Airbus and BMW have become the latest businesses to warn about the implications of a "No Deal" Brexit.
As the Prime Minister meets with Donald Tusk again today ahead of the EU Council meeting a row’s broken out between businesses and government on the future…
What are businesses saying?
On Friday the bosses of both airplane maker Airbus and BMW, which also makes Mini and Rolls Royce, publicly warned about the dangers of Brexit.
The companies employ tens of thousands across the UK and support the jobs of hundreds of thousands indirectly. However both warned that in the ‘no deal’ Brexit scenario, where the UK leaves the Single Market and Customs Union without a replacement, they would have to lay off British workers and relocate manufacturing to somewhere in the EU.
“We have sought to highlight our concerns over the past 12 months, without success,” Tom Williams, chief operating officer at Airbus Commercial Aircraft, said in a statement.
“Far from Project Fear, this is a dawning reality for Airbus. Put simply, a No Deal scenario directly threatens Airbus’ future in the UK,” Williams added.
Airbus also said that even if a deal is struck, the current proposed transition period — due to expire on 31 December 2020 — would not allow enough time for the company and its suppliers to implement the required changes.
The boss of BMW UK Ian Robertson echoed this warning saying, "If we don't get clarity in the next couple of months we have to start making those contingency plans... which means making the UK less competitive than it is in a very competitive world right now."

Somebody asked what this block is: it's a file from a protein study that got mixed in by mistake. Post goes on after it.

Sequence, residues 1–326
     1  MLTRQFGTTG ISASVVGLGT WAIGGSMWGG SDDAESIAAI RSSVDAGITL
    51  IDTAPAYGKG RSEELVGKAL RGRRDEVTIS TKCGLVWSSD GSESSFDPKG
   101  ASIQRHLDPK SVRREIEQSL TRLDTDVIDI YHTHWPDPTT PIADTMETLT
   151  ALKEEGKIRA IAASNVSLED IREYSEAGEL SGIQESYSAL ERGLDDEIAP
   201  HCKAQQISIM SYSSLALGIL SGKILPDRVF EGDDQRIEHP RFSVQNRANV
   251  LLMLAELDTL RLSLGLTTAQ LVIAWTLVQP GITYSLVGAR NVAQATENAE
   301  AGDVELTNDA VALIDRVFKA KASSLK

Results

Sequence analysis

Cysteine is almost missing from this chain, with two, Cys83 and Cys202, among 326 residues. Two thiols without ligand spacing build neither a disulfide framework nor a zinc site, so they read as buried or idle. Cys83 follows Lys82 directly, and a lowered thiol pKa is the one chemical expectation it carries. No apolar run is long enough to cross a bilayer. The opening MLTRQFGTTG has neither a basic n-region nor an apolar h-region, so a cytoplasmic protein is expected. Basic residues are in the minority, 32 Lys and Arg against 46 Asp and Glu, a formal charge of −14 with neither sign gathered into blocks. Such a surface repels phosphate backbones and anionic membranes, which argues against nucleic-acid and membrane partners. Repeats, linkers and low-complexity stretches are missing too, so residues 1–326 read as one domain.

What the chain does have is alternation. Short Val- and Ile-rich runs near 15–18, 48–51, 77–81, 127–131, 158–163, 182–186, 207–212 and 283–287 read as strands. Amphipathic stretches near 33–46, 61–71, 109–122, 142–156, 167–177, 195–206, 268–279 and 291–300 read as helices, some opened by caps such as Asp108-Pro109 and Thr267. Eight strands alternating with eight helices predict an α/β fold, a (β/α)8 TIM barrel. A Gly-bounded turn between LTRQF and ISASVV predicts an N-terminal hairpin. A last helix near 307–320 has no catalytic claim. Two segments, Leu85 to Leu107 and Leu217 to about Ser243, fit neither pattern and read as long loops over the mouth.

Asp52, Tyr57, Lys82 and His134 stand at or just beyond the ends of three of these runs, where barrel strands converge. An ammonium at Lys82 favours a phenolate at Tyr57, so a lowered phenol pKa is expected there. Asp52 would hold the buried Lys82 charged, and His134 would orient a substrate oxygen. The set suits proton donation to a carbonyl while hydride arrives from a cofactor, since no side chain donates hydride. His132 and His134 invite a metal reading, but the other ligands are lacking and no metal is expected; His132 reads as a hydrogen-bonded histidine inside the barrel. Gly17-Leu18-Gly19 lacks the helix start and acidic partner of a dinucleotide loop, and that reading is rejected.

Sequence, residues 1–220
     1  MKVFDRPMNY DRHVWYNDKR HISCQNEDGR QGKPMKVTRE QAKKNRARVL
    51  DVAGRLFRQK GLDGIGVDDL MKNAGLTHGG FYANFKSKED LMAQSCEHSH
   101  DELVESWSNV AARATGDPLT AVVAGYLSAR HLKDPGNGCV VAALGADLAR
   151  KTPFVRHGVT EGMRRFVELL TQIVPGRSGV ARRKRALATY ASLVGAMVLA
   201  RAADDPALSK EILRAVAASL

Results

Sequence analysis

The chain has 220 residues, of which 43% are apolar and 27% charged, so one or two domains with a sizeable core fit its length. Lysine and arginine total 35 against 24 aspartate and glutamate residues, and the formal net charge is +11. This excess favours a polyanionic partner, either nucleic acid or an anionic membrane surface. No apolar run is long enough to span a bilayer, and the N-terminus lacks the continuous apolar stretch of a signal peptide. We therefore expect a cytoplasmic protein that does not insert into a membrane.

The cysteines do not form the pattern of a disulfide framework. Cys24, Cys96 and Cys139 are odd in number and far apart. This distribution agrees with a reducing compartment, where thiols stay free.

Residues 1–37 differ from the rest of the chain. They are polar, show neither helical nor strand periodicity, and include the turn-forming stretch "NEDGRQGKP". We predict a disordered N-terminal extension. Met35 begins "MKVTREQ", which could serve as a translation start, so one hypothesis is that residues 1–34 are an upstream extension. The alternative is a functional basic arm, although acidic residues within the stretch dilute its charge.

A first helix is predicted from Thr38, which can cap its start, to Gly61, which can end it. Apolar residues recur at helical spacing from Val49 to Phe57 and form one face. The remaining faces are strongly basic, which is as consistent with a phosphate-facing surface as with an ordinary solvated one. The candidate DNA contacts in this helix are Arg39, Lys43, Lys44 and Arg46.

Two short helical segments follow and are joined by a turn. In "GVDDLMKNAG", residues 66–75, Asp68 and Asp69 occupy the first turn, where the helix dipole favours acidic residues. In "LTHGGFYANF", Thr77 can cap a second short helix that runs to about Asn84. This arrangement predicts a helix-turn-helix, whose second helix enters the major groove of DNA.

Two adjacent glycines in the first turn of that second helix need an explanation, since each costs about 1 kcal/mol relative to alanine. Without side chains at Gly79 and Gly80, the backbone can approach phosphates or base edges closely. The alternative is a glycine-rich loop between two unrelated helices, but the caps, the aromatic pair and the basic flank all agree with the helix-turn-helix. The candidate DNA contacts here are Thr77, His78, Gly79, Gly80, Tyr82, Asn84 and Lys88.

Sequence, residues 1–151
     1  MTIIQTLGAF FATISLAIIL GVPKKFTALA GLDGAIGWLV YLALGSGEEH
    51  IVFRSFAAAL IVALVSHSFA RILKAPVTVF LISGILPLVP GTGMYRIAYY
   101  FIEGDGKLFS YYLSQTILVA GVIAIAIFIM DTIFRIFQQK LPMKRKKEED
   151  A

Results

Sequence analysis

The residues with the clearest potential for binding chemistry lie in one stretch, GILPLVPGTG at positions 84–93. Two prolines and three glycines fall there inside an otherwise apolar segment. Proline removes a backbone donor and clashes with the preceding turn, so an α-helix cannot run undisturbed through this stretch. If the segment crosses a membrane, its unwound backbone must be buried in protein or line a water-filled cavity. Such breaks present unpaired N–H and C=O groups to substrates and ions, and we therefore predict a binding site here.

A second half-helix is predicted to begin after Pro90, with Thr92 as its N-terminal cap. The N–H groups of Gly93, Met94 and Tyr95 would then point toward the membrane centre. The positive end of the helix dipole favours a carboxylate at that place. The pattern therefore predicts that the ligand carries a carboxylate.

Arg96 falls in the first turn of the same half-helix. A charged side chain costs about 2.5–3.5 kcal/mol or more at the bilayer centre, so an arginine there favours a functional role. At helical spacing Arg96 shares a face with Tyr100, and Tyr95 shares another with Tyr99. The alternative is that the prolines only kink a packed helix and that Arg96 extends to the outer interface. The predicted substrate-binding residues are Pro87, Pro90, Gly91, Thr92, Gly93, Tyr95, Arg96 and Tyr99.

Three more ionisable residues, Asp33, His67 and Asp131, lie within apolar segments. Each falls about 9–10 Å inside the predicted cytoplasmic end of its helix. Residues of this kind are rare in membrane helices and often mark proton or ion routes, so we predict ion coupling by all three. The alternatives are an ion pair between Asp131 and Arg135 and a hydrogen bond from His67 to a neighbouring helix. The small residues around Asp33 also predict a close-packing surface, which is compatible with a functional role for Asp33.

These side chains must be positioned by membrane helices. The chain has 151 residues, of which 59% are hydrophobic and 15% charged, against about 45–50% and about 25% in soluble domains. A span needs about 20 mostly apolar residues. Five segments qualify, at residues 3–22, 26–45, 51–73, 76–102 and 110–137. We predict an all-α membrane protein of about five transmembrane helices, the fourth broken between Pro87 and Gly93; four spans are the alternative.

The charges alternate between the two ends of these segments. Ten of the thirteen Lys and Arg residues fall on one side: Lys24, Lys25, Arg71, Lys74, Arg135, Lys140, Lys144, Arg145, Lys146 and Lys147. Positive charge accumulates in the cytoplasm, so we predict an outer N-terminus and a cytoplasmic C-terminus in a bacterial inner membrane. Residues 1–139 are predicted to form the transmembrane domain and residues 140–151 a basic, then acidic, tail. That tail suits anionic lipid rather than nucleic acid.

"That is a decisive issue that ultimately could damage this industry."
Who else is concerned?
Britain’s 5 biggest business lobbying groups, the CBI, the Institute of Directors, the Federation of Small Businesses, the EEF and the British Chambers of Commerce, have all written to the Prime Minister, Donald Tusk and Jean-Claude Juncker over the weekend raising concerns.
On the two year anniversary of the Brexit vote the business leaders warned that “time is running out” on the negotiations and that bosses are losing patience so are drawing up contingency plans to relocate from Britain. In blunt terms the groups warn Brexit, “could cost the UK economy billions of pounds, thousands of jobs and leave many families without a main income”
How has the government responded?
Trade Secretary Liam Fox has said companies urging the Government to take the ‘no deal’ Brexit option off the table are harming the Government’s negotiations in Brussels.
In an interview with the BBC on Sunday Health Secretary Jeremy Hunt went further in his criticisms saying, “"It's completely inappropriate for businesses to be making these kinds of threats for one very simple reason - we are in an absolutely critical moment in the Brexit discussions and what that means is that we need to get behind Theresa May to deliver the best possible Brexit, a clean Brexit and what businesses want and I was in business for 14 years, what they want is clarity and certainty."
The Department for Exiting the European Union said: “We have made significant progress on our withdrawal agreement and we are now engaged in positive negotiations on our future.”
Are there any businesses which are pro-Brexit?
Some businesses like machinery manufacturer JCB support Brexit. Their Chairman Lord Bamford previously quit the CBI, one of the senders of the letter, in response to its anti-Brexit stance and called the lobbying group a “waste of time”. He told The Telegraph, “The CBI really only represents 20 companies in my view and they are multinational and not British – something like Unilever, Royal Dutch Shell,”
Tim Martin the boss of British pub chain Weatherspoons has also been a vocal supporter of Brexit. His pubs recently stopped selling Champagne and replaced German beers with more British and American ones.